April is designated as "Sexual Assault Awareness Month," giving the Boston City Council—and Ayanna Pressley and Felix Arroyo, in particular—the opportunity to address the problem as it applies to college students and the schools in which they are enrolled. Given the more than 100,000 students attending colleges and universities in Boston, the issue is of special concern in this mecca for higher education.
It is also a significant personal issue for Councilor Pressley, who recently revealed that she was herself a sexual assault survivor years ago while attending one of the city's renowned educational institutions. The trauma from that event derailed her academic pursuits, but not her resolve. And for her courage and candor, she was praised—even many years after the fact—by Councilor Arroyo and others at last Tuesday's hearing on campus sexual assault prevention and reporting.
It is difficult to assess to any degree of certainty the prevalence of sexual assault among college students. The best and most often-cited estimate— that nearly 20 percent of college women are victims of sexual assault or attempted sexual assault during her college years—is based on a survey at just two large public universities (one in the Midwest and one in South) in which 1,072 of 5,446 female respondents reported that they had been sexually assaulted. Whether or not these results can be generalized to other schools small as well as large, private as well as public, and in all areas of the country, the problem is undeniably serious.
We know very little about the scope of campus sexual assault because, unfortunately, so few victims feel comfortable coming forward to disclose the incident to the authorities. In fact, based on the same two-school prevalence study, only 5 percent of victims informed campus security or the police of what had happened to them.
Many student victims of sexual assault are afraid of retaliation, particularly since the overwhelming majority of cases involves classmates, friends or dating relationships. Some are too embarrassed or ashamed to report, since a majority of cases involve drinking. At worst, other victims remain silent because they blame themselves, fear that their peers will fault them, feel that their assailant’s denials will be believed, expect nothing will be done about it, or wish to avoid public humiliation should the incident result in a criminal prosecution. And so the courageous ones are not only those survivors who, like Pressley, come forward long after the fact when emotions are not so raw and the stakes are not so high, but those women who boldly seek justice despite the myriad of personal risks.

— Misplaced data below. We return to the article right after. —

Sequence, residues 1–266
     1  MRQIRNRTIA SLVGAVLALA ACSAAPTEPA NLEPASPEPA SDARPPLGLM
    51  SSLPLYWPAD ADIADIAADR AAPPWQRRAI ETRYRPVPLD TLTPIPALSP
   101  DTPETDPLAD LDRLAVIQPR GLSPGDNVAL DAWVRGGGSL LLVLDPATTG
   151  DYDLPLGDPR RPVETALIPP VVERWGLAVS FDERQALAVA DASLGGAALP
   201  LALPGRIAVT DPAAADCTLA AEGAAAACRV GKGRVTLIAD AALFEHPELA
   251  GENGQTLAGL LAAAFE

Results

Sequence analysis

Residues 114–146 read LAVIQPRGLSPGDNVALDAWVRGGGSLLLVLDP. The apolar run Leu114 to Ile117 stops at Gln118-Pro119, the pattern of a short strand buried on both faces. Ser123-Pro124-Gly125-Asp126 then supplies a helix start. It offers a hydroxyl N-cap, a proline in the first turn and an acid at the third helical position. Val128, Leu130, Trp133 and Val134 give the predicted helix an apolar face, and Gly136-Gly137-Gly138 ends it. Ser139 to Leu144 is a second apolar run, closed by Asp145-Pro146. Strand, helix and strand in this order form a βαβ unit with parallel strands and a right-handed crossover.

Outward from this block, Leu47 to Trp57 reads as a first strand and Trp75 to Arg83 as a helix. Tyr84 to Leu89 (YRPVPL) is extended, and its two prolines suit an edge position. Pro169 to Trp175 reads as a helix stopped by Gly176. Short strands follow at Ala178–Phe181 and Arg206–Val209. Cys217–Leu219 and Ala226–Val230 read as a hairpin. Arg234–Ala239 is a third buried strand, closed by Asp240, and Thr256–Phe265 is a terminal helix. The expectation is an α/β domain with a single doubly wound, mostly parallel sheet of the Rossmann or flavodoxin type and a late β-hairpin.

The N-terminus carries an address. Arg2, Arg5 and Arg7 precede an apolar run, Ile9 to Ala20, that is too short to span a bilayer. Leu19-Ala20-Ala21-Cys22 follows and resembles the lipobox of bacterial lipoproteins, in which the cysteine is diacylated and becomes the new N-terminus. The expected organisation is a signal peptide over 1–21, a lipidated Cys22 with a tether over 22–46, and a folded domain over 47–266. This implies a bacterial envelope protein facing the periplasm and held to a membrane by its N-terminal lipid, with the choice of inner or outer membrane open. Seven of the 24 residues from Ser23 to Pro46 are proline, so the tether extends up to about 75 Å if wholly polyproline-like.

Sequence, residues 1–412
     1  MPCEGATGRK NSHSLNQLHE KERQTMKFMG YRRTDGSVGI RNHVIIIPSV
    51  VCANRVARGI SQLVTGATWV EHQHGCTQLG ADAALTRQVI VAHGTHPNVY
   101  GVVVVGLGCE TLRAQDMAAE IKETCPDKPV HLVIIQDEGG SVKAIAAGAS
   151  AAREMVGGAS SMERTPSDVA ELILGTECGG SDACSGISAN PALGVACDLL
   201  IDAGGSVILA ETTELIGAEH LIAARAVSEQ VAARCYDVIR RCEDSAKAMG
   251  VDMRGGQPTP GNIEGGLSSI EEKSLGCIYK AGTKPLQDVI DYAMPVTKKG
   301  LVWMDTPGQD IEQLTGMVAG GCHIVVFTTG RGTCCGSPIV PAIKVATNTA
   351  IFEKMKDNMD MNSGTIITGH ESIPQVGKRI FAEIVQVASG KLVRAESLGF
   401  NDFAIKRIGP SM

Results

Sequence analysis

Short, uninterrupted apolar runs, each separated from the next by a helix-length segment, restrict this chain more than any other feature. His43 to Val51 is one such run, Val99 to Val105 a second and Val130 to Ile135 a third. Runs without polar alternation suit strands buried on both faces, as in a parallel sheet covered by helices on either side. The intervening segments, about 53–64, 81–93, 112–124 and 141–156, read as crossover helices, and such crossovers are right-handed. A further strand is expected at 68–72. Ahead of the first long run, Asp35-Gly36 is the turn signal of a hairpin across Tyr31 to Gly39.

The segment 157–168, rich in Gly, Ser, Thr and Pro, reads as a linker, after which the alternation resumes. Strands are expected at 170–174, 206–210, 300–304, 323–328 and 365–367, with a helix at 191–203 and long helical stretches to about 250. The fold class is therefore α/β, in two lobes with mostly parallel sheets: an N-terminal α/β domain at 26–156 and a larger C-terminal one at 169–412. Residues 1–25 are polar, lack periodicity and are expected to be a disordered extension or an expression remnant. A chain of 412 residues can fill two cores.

Based on comments from several victim-advocates who attended the City Council hearing, colleges and universities may be reluctant to disseminate statistical reports of sexual assaults, notwithstanding Federal requirements, out of concern that it would tarnish a school's reputation and scare away potential students. This blemishing effect would be especially salient to private institutions that are heavily tuition-dependent.
To whatever extent this cover-up practice does occur, the truth is that the published sexual assault data mandated by the Clery Act are exceptionally unreliable and misleading, hardly worth the admissions brochure paper that they're printed on. Moreover, it is curious and important to note that a high incidence of sexual assault can actually reflect a supportive campus climate and a responsive administration, rather than a dangerous and hostile setting.
Therefore, perhaps we should not focus so heavily on the dubious crime figures and data reporting compliance. This is not, of course, a recommendation that schools disregard the problem or attempt to sweep it under the rug. To the contrary, colleges and universities would be better off investing their time, attention, and resources in prevention efforts and in upgrading their responsiveness to allegations when they occur. Schools need to educate students about the nature and consequences of sexual assault, ensure that support services are available for victims, and establish adequate procedures for investigating allegations. Without these critical steps, the silence will never be broken.
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